#Bandcampgold-Black Beans by Exile x Choosey
The world makes us feel terrible. Mac Miller and Nipsey Hussle are dead. Ogres are in power and they don’t even lie to us about how old evil and full of greed/hate they are. Music is necessary, all kinds of music. Black Beans is a beam of light on the dark days and because of that it holds an important place on my favorite albums of 2019 list.
I have to start by talking about Exile. I haven’t done it enough on this blog. I’ve been debating how I feel about his strengths since Blu linked up with him for Below The Heavens. While other boom bap producers (Daringer, Roc Marciano) are superb at twisting the instrumentation and sample into an evil snarl that suits the goon rappers spitting over them; Exile is the best at optimizing his soundscape for warmth. You can listen to the Intro or the first song (I Did) and none of the production is overly dense or crowded. Exile chooses the right elements and places them properly making great use of background vocals, samples, and background vocals. His production perfectly captures that Rawkus records feeling of hearing Mos Def spit on Respiration from the Black Star album(a Hi-Tek comparison is not a bad one). Black Beans is Exile’s best work in YEARS and his work over the years was impressive before it.
If you think this album is corny I guess you’re right. If you think the loving poetic tribute to heritage at the end of the title track is corny, I’m fine with that. If you don’t understand why Choosey is rapping about the candy lady on his block on Satisfied when he could have fake murdered someone in that verse… it is a natural hip hop reaction. It’s a perfectly adequate short term coping mechanism for living on this scary cock-eyed planet. Shut all those instincts off and listen to tracks 4,5, and 6 in a row. Four is single ready it is called Low Low and the horns are PERFECT, Aloe Blacc nails the hook with pinpoint accuracy and emotion while Choosey paints the scenery of a nice day with a pretty lady. Track five is Show You and Choosey is at his most melodic. The West Coast MC doesn’t need any help on the chorus sing-rapping a hook that burrows deep in my brain to this second. It’s a relationship song without the nasty baggage. He wants to show her what the future can be and never turns into the darker or condescending tones a lot of rappers do when trying for these songs. Track six is so great. You Got It is all hand claps and mixing while Choosey spits fast but seemingly effortlessly. Jimetta Rose is another fantastic guest singer woven into the fiber of the song. You Got It has a noble mission: to get you up and dancing. These three songs get to the heart of celebration that Black Beans is crafted around.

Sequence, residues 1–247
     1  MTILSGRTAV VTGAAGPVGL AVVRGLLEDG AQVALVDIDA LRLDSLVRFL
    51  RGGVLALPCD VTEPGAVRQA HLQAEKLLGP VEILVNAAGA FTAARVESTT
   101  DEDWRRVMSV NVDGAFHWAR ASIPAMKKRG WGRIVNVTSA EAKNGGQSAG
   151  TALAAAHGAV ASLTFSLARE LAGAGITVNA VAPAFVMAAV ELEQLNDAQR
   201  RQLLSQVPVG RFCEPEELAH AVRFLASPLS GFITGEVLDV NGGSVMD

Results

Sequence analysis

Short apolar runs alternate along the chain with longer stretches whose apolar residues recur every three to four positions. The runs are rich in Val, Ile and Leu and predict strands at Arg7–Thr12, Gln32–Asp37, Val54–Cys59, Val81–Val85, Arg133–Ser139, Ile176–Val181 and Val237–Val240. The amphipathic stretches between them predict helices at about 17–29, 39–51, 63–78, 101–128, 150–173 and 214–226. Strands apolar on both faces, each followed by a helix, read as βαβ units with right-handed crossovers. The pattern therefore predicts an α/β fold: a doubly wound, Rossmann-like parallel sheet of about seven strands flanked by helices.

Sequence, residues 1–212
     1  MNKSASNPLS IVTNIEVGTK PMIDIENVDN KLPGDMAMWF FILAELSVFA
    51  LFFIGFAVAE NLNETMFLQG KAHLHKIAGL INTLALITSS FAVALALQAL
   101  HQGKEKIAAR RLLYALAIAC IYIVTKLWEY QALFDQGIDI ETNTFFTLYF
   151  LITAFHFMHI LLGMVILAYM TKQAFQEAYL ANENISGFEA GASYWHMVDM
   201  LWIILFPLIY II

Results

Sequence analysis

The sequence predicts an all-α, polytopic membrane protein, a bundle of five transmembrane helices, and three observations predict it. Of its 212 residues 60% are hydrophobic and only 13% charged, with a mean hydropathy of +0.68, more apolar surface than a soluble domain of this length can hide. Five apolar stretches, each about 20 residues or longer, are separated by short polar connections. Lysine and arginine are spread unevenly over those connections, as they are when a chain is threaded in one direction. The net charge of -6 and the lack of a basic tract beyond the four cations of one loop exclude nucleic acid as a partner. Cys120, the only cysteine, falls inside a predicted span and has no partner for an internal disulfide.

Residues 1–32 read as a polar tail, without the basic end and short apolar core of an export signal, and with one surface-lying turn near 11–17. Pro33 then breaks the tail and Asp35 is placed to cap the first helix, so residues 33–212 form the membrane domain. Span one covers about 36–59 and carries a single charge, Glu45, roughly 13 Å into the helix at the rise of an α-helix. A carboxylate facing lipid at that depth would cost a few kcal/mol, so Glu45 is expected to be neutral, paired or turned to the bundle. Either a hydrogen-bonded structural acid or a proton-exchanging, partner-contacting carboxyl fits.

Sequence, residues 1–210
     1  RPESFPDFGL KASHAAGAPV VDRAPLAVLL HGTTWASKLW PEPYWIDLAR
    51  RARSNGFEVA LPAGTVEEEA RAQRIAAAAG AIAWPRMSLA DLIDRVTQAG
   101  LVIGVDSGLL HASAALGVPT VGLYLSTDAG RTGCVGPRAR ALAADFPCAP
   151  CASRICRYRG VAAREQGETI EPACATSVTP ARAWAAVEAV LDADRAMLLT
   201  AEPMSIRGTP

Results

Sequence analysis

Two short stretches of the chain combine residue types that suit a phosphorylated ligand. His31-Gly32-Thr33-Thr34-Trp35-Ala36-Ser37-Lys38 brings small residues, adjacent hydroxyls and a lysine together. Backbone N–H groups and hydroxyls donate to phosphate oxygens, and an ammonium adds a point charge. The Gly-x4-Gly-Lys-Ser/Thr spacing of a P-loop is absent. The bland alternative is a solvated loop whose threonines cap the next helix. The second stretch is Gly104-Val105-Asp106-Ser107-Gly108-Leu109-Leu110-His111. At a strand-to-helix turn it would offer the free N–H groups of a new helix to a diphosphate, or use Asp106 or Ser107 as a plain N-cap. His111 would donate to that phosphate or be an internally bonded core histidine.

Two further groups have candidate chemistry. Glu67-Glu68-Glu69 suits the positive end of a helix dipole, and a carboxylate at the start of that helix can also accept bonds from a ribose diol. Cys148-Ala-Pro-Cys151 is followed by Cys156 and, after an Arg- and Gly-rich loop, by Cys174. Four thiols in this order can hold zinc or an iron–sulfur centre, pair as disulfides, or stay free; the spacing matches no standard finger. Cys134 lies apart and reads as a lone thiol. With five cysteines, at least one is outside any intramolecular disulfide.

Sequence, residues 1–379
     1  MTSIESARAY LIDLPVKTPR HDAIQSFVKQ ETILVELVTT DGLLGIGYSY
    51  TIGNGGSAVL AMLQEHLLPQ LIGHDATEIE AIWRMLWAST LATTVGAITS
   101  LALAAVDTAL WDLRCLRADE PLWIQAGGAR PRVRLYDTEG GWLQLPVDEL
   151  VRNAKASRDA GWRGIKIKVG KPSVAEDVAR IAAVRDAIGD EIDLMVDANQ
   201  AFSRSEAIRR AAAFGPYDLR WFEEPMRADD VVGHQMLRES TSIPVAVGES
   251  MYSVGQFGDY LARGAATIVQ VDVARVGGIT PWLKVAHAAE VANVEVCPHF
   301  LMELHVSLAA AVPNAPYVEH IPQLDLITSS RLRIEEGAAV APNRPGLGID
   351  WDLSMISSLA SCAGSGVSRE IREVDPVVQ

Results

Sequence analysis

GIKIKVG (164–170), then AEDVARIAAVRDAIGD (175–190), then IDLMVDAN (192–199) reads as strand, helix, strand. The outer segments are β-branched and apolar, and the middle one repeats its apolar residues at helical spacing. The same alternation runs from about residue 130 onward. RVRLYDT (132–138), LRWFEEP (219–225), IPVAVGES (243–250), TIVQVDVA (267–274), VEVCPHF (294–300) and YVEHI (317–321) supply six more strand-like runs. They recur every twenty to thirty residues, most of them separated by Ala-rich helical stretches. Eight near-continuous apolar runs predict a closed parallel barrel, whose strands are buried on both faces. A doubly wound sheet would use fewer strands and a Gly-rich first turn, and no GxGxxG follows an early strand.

The candy lady verse that starts Satisfied is my favorite of the album because I am corny. It is so unexpected. The first line of the song is “Every hood had a candy lady,” said with a smiling nostalgia. He’s talking lollipops and getting candy out of her hand. Choosey’s mission is to celebrate his shared black and Hispanic heritage. Through the thirteen songs he applies his determination to painting the picture to it’s smallest detail. It’s not just about lowriders, Cadillac’s, and jewelry it is about the people. In that verse he also says “Them cop’s was all in our face saying ‘don’t hang with them bangers’ N_ the gang was the neighbors…” he doesn’t shy away from the violence and terror present in his environment. America knows gangs as large scary groups but Choosey knows them as people and sums it up our national tension quite nicely with, “They hate the fact but can’t deny that we some damn creators.” Choosey knows you think you know his hood. He also knows you haven’t felt the sunshine on your face there. You haven’t kissed for the first time as Salsa spilled out of an apartment window there. Listen to the song Sangria, pour sangria over some apples and cantaloupe (don’t forget diced pineapple) and let Exile teach you how to relax as Choosey brings you where he’s always been.